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Elizabeth Warren stopped by Chicago Tuesday to stand in solidarity with striking public school teachers, just one day after she released her whopper of an education plan. That strike has left 300,000 children out of school the past week.

“I believe it is time in America to make a new investment in public education,” the Massachusetts senator and Democratic presidential candidate told the crowd. 

And boy, she’s not kidding. Warren is proposing to hike spending on K-12 education by $800 billion. More on why that’s a bad idea in a minute.

What the plan proposes also deserves close scrutiny. Warren picked the right crowd to visit, as teachers unions might as well have penned her proposal, which posted to Medium Monday.

Warren boasts of how she started out as a special education teacher in New Jersey. She uses this to claim an understanding of the needs of teachers, how they should be treated more as professionals and why school choice is harming traditional public schools. 

Her first order of business? Firing education Secretary Betsy DeVos. DeVos is a lightning rod for unions, given her support of public charter schools and private choice options — and her belief that parents know what’s best for their children. 

Warren plans to “fix” that. 

While she’s got a host of new ways to involve the government in schools, Warren’s mostly got charter schools in her cross-hairs. She aims to end federal grant dollars that go toward starting new charters (or helping excellent ones expand), and she also says she’ll find a way to “ban” for-profit charter schools. For-profit charters are frequently the target of Democrats, even though these schools often post strong outcomes for students.

This comes at a time when charter schools in Michigan are under attack. The State Board of Education earlier this year attempted to block federal grant funds the state had already won from going toward deserving charter schools. And Gov. Gretchen Whitmer cut $35 million in aid from the state’s charters, which serve majority populations of poor children, even while all other public schools will see boosts in revenue. 

Warren wasn’t always so cold toward school choice. In her 2003 book, “The Two-Income Trap,” she observed: “Fully funded vouchers would relieve parents from the terrible choice of leaving their kids in lousy schools or bankrupting themselves to escape those schools.”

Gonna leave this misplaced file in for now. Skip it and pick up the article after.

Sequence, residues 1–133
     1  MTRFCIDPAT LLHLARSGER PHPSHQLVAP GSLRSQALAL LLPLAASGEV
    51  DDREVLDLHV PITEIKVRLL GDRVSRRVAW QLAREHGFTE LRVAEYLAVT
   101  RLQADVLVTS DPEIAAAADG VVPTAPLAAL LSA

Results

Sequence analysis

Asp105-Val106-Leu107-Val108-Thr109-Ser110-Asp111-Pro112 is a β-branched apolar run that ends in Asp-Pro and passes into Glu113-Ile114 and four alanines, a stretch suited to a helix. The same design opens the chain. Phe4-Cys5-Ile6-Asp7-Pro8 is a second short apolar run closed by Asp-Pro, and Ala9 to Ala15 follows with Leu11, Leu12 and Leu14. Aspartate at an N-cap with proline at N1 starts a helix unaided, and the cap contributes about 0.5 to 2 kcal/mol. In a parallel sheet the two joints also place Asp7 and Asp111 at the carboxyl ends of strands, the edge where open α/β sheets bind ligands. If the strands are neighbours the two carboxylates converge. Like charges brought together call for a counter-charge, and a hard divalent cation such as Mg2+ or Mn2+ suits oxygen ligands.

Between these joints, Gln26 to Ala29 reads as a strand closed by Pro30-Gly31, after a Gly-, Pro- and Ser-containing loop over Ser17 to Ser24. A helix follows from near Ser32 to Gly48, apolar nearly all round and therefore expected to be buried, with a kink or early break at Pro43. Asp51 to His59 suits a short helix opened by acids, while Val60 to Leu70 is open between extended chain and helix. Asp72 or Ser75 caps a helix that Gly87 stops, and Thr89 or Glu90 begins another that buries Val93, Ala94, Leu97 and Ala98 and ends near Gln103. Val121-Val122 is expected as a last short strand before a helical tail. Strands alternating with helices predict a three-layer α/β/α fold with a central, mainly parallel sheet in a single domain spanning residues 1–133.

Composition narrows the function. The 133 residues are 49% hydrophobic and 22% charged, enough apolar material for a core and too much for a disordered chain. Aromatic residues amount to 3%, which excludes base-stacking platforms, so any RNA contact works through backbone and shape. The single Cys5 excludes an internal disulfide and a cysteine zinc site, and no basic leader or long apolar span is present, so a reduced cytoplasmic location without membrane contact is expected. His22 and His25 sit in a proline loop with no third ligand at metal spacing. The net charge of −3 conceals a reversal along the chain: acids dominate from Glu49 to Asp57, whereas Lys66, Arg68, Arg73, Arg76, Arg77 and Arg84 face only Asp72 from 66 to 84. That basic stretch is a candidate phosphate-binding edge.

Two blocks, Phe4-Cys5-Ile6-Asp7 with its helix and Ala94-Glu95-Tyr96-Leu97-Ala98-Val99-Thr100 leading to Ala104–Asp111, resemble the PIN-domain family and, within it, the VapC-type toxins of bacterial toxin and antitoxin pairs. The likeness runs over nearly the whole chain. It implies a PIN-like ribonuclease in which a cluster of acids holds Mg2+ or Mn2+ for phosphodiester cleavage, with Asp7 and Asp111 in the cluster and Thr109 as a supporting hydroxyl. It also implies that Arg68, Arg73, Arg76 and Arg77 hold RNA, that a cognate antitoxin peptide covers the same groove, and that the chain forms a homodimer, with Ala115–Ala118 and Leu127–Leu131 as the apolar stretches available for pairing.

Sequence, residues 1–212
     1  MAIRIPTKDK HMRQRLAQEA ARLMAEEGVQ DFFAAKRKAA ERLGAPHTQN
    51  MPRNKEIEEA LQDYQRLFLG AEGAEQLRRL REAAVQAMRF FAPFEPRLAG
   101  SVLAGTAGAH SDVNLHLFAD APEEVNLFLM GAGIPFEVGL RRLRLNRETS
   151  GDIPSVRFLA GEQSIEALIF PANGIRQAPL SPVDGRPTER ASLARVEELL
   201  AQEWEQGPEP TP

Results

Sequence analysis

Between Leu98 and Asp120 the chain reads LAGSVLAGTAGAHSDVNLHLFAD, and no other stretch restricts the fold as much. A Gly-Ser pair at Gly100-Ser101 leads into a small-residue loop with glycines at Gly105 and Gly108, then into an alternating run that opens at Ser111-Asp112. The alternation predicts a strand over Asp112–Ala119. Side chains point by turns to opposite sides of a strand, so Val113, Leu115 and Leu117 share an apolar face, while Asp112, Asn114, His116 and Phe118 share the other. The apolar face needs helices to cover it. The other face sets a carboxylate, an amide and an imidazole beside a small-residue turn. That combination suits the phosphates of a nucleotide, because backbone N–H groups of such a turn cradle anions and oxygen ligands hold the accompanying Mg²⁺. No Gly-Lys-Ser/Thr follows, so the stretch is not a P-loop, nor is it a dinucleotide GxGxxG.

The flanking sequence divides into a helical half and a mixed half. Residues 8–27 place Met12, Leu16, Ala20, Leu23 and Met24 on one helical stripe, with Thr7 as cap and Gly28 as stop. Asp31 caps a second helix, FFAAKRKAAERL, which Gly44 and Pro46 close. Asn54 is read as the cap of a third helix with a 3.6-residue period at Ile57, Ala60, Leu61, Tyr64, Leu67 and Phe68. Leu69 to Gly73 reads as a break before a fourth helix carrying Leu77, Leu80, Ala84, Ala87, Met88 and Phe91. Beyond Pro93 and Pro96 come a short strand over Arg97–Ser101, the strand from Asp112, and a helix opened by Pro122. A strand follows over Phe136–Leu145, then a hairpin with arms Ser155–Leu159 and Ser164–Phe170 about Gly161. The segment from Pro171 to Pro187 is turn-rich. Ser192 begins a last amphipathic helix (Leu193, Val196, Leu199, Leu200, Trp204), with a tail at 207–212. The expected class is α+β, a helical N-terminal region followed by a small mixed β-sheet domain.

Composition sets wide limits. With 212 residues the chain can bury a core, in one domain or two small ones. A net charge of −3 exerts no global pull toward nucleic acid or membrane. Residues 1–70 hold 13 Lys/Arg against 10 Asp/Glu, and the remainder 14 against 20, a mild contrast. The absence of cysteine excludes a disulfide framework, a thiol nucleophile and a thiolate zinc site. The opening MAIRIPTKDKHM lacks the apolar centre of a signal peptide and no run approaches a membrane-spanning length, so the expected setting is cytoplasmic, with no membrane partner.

That mirrors DeVos’ defense of choice. But Warren has clearly moved beyond her well-reasoned arguments. 

Now, on to the cost of Warren’s plan. 

As DeVos told our editorial board last month, the federal government has spent $2 trillion on trying to close achievement gaps among students, yet all that spending hasn’t made “one whit” of a difference. 

Since the U.S. Department of Education was formed 40 years ago, it has grown into a behemoth that gobbles $80 billion a year, but hasn’t led to better academic results. 

Warren’s solution? Double down. 

“There is certainly no constitutional basis for the federal government to be involved in this way,” says Mary Clare Amselem, a policy analyst in the Heritage Foundation’s Center for Education Policy. “More spending on education simply has not moved the needle at all.”

Warren claims she’d pay for this plan with her “wealth tax,” which would hit families with more than $50 million. The estimated $2.75 trillion that would bring in would also fund Warren’s other freebies, such as universal childcare, free college and student debt cancellation. 

These proposals, however, constitute just a small percentage of her overall spending priorities, such as the Green New Deal and Medicare for All, says Brian Riedl, a senior fellow at the Manhattan Institute. In total, her plans would reach $50 trillion over a decade, and as Riedl says, there is no way to cover even a fraction of the cost without a heavy tax hike on the middle class.

“It’s almost unprecedented to see a candidate running on such a fiscally irresponsible plan and doing so well in the polls,” Riedl says. 

Yet even worse than the irresponsible spending, Warren's politically-charged education blueprint has the potential to harm families by limiting choices they value. 

ijacques@detroitnews.com 

Twitter: @Ingrid_Jacques 

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